Brandt Snedeker won the AT&T Pebble Beach National Pro-Am two years ago and moved to a career-best No. 4 in the world, making him the highest-ranked American behind only Tiger Woods.

Snedeker now is one spot behind Woods in the ranking, and that's not a good place to be.

He showed up at Pebble Beach at No. 63 in the world, painfully aware of all the spots he no longer can go if he doesn't get his game turned around quickly. For starters, Snedeker is not eligible for the Masters, which he hasn't missed in five years. He might not get in the World Golf Championship at Doral, which he has played the last three years.

"I've gotten used to a certain schedule and I'm not in any of those tournaments I'm used to this year," Snedeker said Friday after taking a share of the lead at the AT&T Pebble Beach National Pro-Am with a bogey-free 67 at Spyglass Hill. "So it's no fun not being eligible for the Masters and not playing World Golf Championships."

It's extra motivation, and he took nothing for granted at the start of the year that he would turn his game around.

The last two days have been encouraging.

Snedeker got his putter working on the poa annua greens of Monterey Peninsula and Spyglass Hill, and keeping bogeys off his card on Friday was important. It allowed him to join Matt Jones, who had a 66 at Spyglass, atop the leaderboard going into the weekend.

They were at 12-under 131 and both play Pebble Beach on Saturday.

Justin Hicks shot a 68 at Monterey Peninsula and was one shot behind.

John Daly, who started the second round one shot behind and briefly was tied for the lead when he birdied his opening hole at Monterey Peninsula, didn't make a birdie over his last 11 holes and shot a 72. He dropped into a tie for 37th and will have to play well Saturday at Spyglass to avoid missing the cut for the 11th straight time at this event.

Scoring has been low, which was to be expected with barely any breeze and enough sunshine to make the ball go farther through a combination of warm air and firmer than usual fairways. The top 60 and ties make the cut, and 60th place was at 4-under par.

Snedeker and Jones now head to Pebble Beach, along with the celebrity rotation, and their outlook was different.

"If the greens firm up, Pebble is going to play the hardest because they're such small greens," said Jones, who won the Shell Houston Open last year for his first PGA Tour title. "If you're not hitting your irons well enough, you're going to struggle out there."

Snedeker always felt that was the key to getting into contention and to winning.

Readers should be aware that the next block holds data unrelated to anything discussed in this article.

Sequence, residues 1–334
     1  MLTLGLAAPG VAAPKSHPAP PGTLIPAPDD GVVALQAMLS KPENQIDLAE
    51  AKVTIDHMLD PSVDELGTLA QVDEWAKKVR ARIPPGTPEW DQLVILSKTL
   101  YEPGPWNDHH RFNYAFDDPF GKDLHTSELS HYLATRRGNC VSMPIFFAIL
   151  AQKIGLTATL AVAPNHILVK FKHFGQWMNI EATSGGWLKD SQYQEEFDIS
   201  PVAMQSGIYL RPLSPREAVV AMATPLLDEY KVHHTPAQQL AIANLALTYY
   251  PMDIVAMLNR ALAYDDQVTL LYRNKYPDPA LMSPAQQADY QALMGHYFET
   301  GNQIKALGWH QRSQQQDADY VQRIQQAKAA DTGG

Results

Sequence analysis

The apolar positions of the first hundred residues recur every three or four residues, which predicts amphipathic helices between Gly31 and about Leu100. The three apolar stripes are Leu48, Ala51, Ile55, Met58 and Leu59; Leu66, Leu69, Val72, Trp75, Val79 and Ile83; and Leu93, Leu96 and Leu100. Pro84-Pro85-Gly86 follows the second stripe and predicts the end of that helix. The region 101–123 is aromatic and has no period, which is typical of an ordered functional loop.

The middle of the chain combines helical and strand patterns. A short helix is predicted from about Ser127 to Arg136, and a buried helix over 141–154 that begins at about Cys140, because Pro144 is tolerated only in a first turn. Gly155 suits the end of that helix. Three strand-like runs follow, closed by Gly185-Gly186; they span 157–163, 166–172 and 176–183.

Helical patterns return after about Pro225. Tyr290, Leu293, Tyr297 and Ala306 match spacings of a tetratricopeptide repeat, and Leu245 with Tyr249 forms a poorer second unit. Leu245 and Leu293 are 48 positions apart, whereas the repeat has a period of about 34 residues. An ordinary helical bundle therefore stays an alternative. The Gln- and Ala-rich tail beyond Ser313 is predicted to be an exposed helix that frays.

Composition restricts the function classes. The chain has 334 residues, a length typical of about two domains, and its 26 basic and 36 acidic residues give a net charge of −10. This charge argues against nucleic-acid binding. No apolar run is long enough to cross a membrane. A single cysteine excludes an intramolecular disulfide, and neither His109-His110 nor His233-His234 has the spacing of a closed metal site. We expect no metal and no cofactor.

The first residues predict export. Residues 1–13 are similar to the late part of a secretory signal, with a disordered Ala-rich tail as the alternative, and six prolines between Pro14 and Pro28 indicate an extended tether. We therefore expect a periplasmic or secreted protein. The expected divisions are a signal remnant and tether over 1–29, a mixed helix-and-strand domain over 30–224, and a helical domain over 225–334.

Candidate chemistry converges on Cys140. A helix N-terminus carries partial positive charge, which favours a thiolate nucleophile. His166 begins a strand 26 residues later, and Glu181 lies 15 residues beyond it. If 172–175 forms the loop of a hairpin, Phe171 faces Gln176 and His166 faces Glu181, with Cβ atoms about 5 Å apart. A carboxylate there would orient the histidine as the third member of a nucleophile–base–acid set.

"The years I'm playing good, it seems like it comes down to how you play Pebble for me the last two days," he said. "When the weather is good, you need to be able to get after it and shoot a low round. And the way the scores are right now and the weather forecast over the weekend, it's going to take ... somewhere around 20-under par to win this golf tournament. So I've got to look at 7- to 10-under par the next couple days to win. Can't take the foot off the gas pedal."

FedEx Cup champion Billy Horschel, who hasn't finished in the top 20 this season, had a 65 at Spyglass Hill and was part of a large group two shots behind. The biggest move of the day belonged to Torrey Pines winner Jason Day, who wasn't ever sure he would play.

Day said he took his son to the emergency room with a stomach ailment, which then was passed to his wife and then to him. The Australian wasn't sure he could play 30 minutes before his tee time, and then he posted a 62 at Monterey Peninsula.

That put him only three shots out of the lead, along with Jim Furyk (70) and Nick Watney (69), who both played at Spyglass.

No one needs to get it in gear like Snedeker.

He had only four top 10s all of last year and fell out of the top 50. After missing the cut in his 2015 debut at the Humana Challenge, Snedeker has taken baby steps in Phoenix and San Diego and appears to be hitting his stride.

"I haven't been competitive in a while," Snedeker said. "So I just need to get myself back in contention more, give myself some chances to win, and all that stuff will take care of itself. Hopefully I can keep it going. And typically on any streaks, I just run them out awhile and that's my plan. Just play until I can't play anymore."